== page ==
Adapting to Change: Understanding Individual and Brand Emotional State

DATE

05.13.20

CATEGORY

Insights

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As a society we have all experienced a great deal of change in recent months. From dealing with personal and family health matters, to shifting to working from home, losing jobs, home schooling, being in isolation, and getting used to a very different way of life. There’s no denying that new “norms” have been forced upon us and at an incredible pace. Understanding change and the emotional curve associated with change will help you to understand your clients, employees, colleagues and other stakeholders better, and their situation. This will allow you to support them more effectively, as we outline in more detail below.

Change is often hard especially when unexpected, and each individual’s response is varied, personal and happens at a different rate. There has been extensive research done into dealing with change, and Elisabeth Kübler-Ross helped articulate the series of emotions and associated stages in her model below.

The model is broken down into 3 distinct phases and indicates the levels of motivation / performance experienced in each:

  • Survival – how we respond to the new change. Often through denial, anger, or resistance.
  • Recovery – how we bounce back, how we plan. Starting to accept the new norm, searching for answers, and thinking of new ideas.
  • Growth – how we grow resilience, how we shape our future state. Accepting the change and trusting the new state with enthusiasm and commitment.

 

How is this relevant to me?

We are all humans experiencing differing emotions relating to change and by using this model as a basis, it can help us create structure to support and continue to progress in these unprecedented times. This is a new world for all of us but for some individuals and companies this may be the first time they have experienced anything that has had such a large impact on not only business, but also on day to day life.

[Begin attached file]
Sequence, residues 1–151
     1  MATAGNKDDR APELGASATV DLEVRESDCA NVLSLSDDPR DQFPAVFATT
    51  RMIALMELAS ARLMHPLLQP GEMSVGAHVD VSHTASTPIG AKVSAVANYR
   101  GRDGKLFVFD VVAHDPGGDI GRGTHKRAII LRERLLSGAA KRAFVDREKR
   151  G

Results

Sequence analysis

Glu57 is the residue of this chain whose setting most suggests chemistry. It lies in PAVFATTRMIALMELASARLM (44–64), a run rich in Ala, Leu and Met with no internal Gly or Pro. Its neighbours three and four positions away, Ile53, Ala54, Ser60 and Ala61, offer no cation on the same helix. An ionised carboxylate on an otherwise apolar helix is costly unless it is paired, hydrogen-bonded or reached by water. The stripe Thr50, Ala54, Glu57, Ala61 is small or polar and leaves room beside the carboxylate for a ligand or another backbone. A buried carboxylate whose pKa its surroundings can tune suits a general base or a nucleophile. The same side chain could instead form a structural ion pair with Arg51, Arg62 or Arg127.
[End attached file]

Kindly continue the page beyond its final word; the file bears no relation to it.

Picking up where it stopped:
Think about how you can use the experience of your strategic partners and employees to share learnings and inspirational stories from some of the difficult times they’ve encountered. For example, senior members of staff and leaders showing vulnerability and humanity where they might not normally, can bring strength and unity within a team. As time progresses and we begin to re-emerge out the other side, it will be the brands and people and their actions towards others throughout this time of uncertainty and change, that will be remembered.

 

Understanding Change in the Current Climate

As brands, businesses, marketers and individuals, we need to be mindful that there are people behind every organisation, and how we interact and engage with them must be respectful of where they are in their change state.

For employees, is hearing about the company’s new “2025 vision” motivational at this time? Or do they need more guidance and support on how to balance working from home with home schooling. Employee pulse surveys can help with this, but also regular forums and check-ins to hear concerns and frustrations are key.

Not only do we differ individually, but where we are in the world may also inform where we are on the change curve. Some regions are starting to look at recovery, whereas others are in the earlier stages of responding to change.

For customers, where are they positioned on the curve regionally, and respective of their sector? If their industry has been decimated or largely impacted, do they really want or need to hear about your product updates? Or do they actually need a reassuring arm that can give them best practice for how to manage the situation (e.g. balancing cashflow or engaging remote employees).